Shekhar Kapur’s new movie Elizabeth – The Golden Age is a worthy sequel to his Elizabeth released nine years ago.
Academy award winner Cate Blanchett is once again Elizabeth, the Virgin Queen in all her resplendent glory.
Perhaps England’s greatest Queen, Elizabeth I ruled for 45 years in a time of much religious conflict in Europe.
Beset by hostile forces from within and without, Elizabeth I was a sovereign much beloved by her five million subjects. And the Queen amply reciprocated her people’s affections.
As Elizabeth declared in her last address to the House of Commons in the so called Golden Speech:
And though you have had and may have many mightier and wiser princes sitting in this seat, yet you never had, nor shall have, any love you better.
Cate Blanchett does a fine job in her portrayal of this extraordinary Queen in her many moods – at war, agonizing over the death sentence on her plotting sister, playful with her suitors, stern with her court and dependent on her advisers William Cecil and Francis Walsingham.
Clive Owens delights us as Walter Raleigh, the pirate who enthralls Elizabeth with his tales of distant voyages.
There’s much to like in Elizabeth – The Golden Age.
Besides the joy of watching fine performers like Cate Blanchett, Clive Owens and Geoffrey Rush, there’s also nice photography, marvellous period costumes, fine set design, the epic grandeur of the story and above all, watching one of history’s great figures come to life on the big screen.
The Queen’s jousts with the old foggies in her court, the religious wars, immense pressure on her to marry, the war against Spain, the trysts with Walter Raleigh, Elizabeth – The Golden Age has all that and more.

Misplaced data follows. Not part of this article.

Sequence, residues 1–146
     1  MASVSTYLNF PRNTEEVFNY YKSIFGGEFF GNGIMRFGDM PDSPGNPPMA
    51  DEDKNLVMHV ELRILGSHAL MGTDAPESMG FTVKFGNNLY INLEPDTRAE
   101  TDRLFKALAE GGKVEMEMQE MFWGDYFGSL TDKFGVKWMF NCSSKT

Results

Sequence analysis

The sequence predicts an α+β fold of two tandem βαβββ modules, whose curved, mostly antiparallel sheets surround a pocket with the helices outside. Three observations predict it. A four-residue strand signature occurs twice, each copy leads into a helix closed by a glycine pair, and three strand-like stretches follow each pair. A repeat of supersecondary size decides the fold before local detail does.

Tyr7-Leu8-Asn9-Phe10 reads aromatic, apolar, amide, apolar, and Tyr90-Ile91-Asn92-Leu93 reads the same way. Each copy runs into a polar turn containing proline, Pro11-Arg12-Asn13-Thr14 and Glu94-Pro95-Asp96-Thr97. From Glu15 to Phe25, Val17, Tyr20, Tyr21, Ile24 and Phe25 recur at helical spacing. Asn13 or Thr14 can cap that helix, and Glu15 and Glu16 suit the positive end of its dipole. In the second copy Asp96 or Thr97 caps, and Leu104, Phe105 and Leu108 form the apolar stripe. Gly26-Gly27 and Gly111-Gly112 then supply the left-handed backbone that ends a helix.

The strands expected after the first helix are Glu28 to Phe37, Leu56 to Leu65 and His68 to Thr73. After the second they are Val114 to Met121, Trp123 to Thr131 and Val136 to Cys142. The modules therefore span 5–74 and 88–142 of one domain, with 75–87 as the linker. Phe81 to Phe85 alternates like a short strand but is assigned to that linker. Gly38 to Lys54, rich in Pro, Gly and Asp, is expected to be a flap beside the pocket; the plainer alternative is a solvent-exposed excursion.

In two hours, Elizabeth – The Golden Age covers a lot of ground indeed.
However, one of the glaring shortcomings of Elizabeth – The Golden Age is the poorly executed fighting scenes. England’s war against the Spanish armada is one of the most clumsy battle scenes ever depicted on the screen. Perhaps, they’d be considered good by Bollywood standards. But definitely not by Hollywood standards.
Still, the shortcomings notwithstanding we can’t think of any living Indian director with such mastery over the craft of filmmaking as Shekhar Kapur. He makes most of our Bollywood directors – the Priyadarshans, Pradeep Sarkars and Vidhu Vinod Chopras – seem like rank amateurs.
Our first Shekhar Kapur film was the delightful Masoom, a lift of Erich Sehgal’s touching novel Man, Woman and Child. In 1987, we watched our second Shekhar Kapur movie Mr.India, starring Anil Kapoor and Sridevi and one of the finest – and very successful too – Bollywood films ever made.
Although the finest Indian movie director today, Shekhar Kapur is not in the same league as other foreign born directors in Hollywood like the Taiwanese director Ang Lee (Crouching Tiger, Hidden Dragon and Brokeback Mountain) or the Mexican filmmaker Guillermo del Toro (Pan’s Labyrinth). Ang Lee and Guillermo del Toro cast a spell over us. Alas, we can’t say the same about Shekhar Kapur yet.
Catch Elizabeth – The Golden Age at a theater near you and watch its prequel Elizabeth by getting the DVD from Netflix or your neighborhood Blockbuster.